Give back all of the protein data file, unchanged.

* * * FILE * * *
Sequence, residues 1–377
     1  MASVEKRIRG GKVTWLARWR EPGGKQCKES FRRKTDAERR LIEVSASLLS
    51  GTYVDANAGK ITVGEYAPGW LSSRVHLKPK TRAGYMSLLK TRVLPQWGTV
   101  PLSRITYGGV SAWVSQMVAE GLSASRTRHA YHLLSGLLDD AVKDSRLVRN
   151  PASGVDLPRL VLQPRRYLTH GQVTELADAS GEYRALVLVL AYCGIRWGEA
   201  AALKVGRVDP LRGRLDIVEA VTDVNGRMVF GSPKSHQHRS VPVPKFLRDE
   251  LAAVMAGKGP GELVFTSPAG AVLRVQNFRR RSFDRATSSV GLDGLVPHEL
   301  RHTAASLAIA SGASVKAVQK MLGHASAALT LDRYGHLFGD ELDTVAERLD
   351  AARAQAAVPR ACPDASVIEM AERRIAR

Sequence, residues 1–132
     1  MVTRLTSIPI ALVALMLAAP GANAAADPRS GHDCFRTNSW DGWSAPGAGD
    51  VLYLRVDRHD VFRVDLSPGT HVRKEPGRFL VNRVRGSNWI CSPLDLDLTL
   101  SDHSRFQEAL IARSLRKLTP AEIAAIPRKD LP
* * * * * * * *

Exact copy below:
Sequence, residues 1–377
     1  MASVEKRIRG GKVTWLARWR EPGGKQCKES FRRKTDAERR LIEVSASLLS
    51  GTYVDANAGK ITVGEYAPGW LSSRVHLKPK TRAGYMSLLK TRVLPQWGTV
   101  PLSRITYGGV SAWVSQMVAE GLSASRTRHA YHLLSGLLDD AVKDSRLVRN
   151  PASGVDLPRL VLQPRRYLTH GQVTELADAS GEYRALVLVL AYCGIRWGEA
   201  AALKVGRVDP LRGRLDIVEA VTDVNGRMVF GSPKSHQHRS VPVPKFLRDE
   251  LAAVMAGKGP GELVFTSPAG AVLRVQNFRR RSFDRATSSV GLDGLVPHEL
   301  RHTAASLAIA SGASVKAVQK MLGHASAALT LDRYGHLFGD ELDTVAERLD
   351  AARAQAAVPR ACPDASVIEM AERRIAR

Sequence, residues 1–132
     1  MVTRLTSIPI ALVALMLAAP GANAAADPRS GHDCFRTNSW DGWSAPGAGD
    51  VLYLRVDRHD VFRVDLSPGT HVRKEPGRFL VNRVRGSNWI CSPLDLDLTL
   101  SDHSRFQEAL IARSLRKLTP AEIAAIPRKD LP